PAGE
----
Standardizing post-discharge care at one of the University of North Carolina Hospitals clinics cut readmissions by 65 percent, according to a study published in the Journal of General Internal Medicine.
In addition, the study found that one 30-day readmission is avoided for every seven patients cared for under the new program.
The study evaluated a new program created by the Internal Medicine Clinic at UNC Hospitals for patients recently been discharged from the hospital. The program includes identification of patients who have been discharged, a process for contacting patients after hospital discharge via a dedicated care manager, and standardization of the hospital follow-up appointment content. The hospital follow-up appointments are with a clinical pharmacist practitioner and a physician.
The program was evaluated by comparing readmission rates of UNC Internal Medicine Clinic patients seen in the hospital follow-up clinic to those who did not receive the enhanced services. Patients in both groups were discharged from the hospital in the same month and were selected at random. The study evaluated hospital readmission at 30 and 90 days as well as emergency department utilization, and found striking reductions: twenty-four patients in the control group were either readmitted or visited the ED within 30 days, compared to 10 patients in the program.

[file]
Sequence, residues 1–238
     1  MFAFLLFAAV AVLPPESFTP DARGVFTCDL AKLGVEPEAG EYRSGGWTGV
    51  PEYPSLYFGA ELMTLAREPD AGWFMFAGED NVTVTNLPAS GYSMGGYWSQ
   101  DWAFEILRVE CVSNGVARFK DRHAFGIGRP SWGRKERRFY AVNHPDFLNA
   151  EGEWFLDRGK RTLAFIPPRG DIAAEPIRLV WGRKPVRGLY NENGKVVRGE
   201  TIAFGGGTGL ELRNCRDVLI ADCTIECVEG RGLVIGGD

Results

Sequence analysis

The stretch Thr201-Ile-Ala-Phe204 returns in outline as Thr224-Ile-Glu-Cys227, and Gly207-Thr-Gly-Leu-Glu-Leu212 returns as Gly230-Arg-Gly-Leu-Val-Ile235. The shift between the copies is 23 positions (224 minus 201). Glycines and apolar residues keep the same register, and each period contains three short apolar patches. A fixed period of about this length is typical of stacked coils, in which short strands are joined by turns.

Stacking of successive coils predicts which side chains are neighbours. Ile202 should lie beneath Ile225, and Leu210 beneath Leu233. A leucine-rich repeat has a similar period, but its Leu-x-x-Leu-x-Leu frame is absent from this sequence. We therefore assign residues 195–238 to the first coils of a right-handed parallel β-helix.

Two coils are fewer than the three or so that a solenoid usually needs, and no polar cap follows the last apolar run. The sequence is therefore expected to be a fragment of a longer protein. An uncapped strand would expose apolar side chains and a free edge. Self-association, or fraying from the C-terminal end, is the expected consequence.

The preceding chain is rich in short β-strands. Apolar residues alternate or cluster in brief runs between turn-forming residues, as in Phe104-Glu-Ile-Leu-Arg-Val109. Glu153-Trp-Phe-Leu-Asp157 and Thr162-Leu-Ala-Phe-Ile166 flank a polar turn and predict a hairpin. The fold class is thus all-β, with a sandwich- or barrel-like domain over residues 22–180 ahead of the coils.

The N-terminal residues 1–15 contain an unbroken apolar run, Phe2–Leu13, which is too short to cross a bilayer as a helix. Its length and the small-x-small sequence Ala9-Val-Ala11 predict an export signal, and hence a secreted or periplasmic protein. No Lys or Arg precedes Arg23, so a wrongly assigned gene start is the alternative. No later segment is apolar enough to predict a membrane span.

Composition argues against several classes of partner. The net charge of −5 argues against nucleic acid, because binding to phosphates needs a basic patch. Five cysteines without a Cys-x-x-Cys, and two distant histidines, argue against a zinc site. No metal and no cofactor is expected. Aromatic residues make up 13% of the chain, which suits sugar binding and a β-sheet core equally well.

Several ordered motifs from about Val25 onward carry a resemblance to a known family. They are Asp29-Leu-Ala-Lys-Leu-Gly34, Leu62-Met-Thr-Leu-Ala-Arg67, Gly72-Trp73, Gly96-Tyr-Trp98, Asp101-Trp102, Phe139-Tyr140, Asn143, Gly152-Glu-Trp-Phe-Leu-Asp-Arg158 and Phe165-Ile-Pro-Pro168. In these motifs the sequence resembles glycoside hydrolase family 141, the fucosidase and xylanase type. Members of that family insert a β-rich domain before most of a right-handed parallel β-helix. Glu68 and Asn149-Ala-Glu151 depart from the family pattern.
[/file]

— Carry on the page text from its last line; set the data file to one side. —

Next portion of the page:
The study team also found that frequent small-scale process evaluation and adjustments were required to optimize the program. For example, to reduce clinic visit duration and heterogeneity between visits, a patient intake questionnaire and note template were developed, the importance of phone reminders was reinfiorced, and phone scripts refined.
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